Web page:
September 5th, 2014

Robots: M-Blocks

In this episode, Audrow Nash interviews John Romanishin from MIT, about his modular robotics project ‘M-Blocks’. M-Blocks are small cubes (5 cm on a side) that have no external actuators, yet they manage to move and even jump. They do this by rotating an internal mass at high speeds then stopping that mass suddenly, which transfers inertia to the cube causing it to move. The rotating mass can change which plane it’s spinning in allowing the cube to move in any direction.  By combining this inertial actuator with permanent magnets, M-Blocks can move over similar robots (or more M-Blocks) and precisely line up. The future of this project is best put by John, who says, “We want hundreds of cubes, scattered randomly across the floor, to be able to identify each other, coalesce, and autonomously transform into a chair, or a ladder, or a desk, on demand.” 

John Romanishin
john-romanishinJohn Romanishin is currently a graduate student studying mechanical engineering and researching self-reconfigurable modular robots at the Distributed Robotics Laboratory led by Daniela Rus at MIT.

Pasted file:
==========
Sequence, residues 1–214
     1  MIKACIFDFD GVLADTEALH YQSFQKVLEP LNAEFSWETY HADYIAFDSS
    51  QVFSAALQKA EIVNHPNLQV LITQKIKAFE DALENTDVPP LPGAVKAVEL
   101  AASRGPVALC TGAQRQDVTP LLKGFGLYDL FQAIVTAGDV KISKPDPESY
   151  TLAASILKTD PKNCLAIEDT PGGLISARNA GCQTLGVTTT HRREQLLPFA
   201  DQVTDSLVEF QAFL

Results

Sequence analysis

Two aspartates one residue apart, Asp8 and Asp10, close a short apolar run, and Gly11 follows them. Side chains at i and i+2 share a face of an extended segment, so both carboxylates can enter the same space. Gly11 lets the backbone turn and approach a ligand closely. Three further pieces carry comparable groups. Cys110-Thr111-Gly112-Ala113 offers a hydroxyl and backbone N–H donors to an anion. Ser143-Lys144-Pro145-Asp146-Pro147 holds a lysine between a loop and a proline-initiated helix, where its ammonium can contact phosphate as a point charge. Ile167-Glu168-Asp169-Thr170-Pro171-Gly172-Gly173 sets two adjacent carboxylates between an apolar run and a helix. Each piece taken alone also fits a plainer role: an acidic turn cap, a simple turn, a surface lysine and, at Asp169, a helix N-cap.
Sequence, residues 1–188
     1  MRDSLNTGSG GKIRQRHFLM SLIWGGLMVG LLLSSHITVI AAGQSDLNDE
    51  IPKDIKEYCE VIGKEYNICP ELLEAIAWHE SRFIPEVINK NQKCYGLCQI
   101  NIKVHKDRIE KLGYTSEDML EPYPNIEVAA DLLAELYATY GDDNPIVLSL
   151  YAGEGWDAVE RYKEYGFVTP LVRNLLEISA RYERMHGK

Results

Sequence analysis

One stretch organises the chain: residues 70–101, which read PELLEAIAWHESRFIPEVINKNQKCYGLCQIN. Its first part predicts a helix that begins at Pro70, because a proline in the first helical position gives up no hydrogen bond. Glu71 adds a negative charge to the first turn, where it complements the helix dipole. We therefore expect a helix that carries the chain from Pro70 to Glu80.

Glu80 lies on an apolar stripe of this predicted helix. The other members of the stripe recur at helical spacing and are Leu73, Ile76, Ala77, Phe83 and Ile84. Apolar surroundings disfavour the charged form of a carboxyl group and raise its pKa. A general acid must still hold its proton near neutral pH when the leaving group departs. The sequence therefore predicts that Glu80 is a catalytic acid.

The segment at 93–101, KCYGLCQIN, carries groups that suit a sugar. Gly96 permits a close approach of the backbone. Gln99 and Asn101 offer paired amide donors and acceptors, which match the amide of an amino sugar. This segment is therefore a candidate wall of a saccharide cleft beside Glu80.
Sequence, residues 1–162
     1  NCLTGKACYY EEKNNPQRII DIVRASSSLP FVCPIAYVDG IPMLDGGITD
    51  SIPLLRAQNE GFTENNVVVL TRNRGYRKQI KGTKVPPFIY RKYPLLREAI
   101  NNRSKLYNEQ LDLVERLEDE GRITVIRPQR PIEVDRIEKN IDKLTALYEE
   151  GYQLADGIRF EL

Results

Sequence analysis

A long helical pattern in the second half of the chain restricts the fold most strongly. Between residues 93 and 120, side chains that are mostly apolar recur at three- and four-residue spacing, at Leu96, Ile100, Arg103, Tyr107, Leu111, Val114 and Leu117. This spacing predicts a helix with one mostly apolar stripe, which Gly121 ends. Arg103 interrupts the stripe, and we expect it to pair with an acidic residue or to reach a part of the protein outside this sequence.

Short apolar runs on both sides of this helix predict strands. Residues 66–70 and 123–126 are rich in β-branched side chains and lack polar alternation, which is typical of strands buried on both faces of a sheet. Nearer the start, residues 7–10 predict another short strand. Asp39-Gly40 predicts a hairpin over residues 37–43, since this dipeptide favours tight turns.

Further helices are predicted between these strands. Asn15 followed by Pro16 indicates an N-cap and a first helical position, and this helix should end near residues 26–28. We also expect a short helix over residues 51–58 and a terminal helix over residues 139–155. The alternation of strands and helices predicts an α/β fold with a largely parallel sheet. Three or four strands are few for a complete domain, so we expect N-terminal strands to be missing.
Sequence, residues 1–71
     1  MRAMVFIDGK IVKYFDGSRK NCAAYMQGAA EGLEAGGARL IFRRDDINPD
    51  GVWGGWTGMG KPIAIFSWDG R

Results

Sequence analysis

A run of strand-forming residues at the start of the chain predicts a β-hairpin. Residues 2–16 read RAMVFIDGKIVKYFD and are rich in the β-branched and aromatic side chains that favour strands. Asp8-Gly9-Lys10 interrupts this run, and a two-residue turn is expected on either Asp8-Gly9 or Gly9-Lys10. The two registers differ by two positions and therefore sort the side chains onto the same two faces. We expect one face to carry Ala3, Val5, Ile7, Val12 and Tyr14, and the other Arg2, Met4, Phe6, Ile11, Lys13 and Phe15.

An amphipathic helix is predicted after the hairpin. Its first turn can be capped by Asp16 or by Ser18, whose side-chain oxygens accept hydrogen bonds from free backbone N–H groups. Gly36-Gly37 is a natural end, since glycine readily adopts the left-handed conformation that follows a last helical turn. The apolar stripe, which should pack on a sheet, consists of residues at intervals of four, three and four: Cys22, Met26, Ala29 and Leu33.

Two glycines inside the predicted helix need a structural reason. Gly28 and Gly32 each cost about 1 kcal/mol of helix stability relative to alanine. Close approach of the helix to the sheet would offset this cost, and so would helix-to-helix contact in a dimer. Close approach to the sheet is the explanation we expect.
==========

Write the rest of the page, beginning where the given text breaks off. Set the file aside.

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August 22nd, 2014

Robots: Birdly

In this episode, Audrow Nash interviews Max Rheiner from Zurich University of the Arts (ZHDK) about his  project Birdly. Birdly explores the experience of a bird in flight with several methods. Unlike a common flight simulator, the user embodies a bird, the Red Kite. To evoke this embodiment, Birdly mainly relies on the sensory-motor coupling. The participant can control the simulator with their hands and arms, which directly correlates to the wings and the primary feathers of the bird. Those inputs are reflected in the flight model of the bird and displayed physically by the simulator through nick, roll and heave movements.

Visualized through a head-mounted display (Oculus Rift), the whole scenery is perceived in the first person perspective of a bird. To intensify the embodiment, Birdly has additional sound, olfactory and wind feedback. The participant hears the roaring of the wind and the flaps of the wings. The olfactory feedback is based on the changing scenery and ranges from the scent of a forest, or soil, to several other odors of the wilderness. According to the speed of the bird, the simulator regulates the headwind with a fan.

Max Rheiner
max-rheinerMax Rheiner is a senior lecturer at Zurich University of the Arts (ZHDK) where he teaches bachelors and masters programs for the Department of Interaction Design. He also developed the Physical Computing Laboratory there. He received his Diploma from Zurich University of the Arts in the field of New Media Arts in 2003.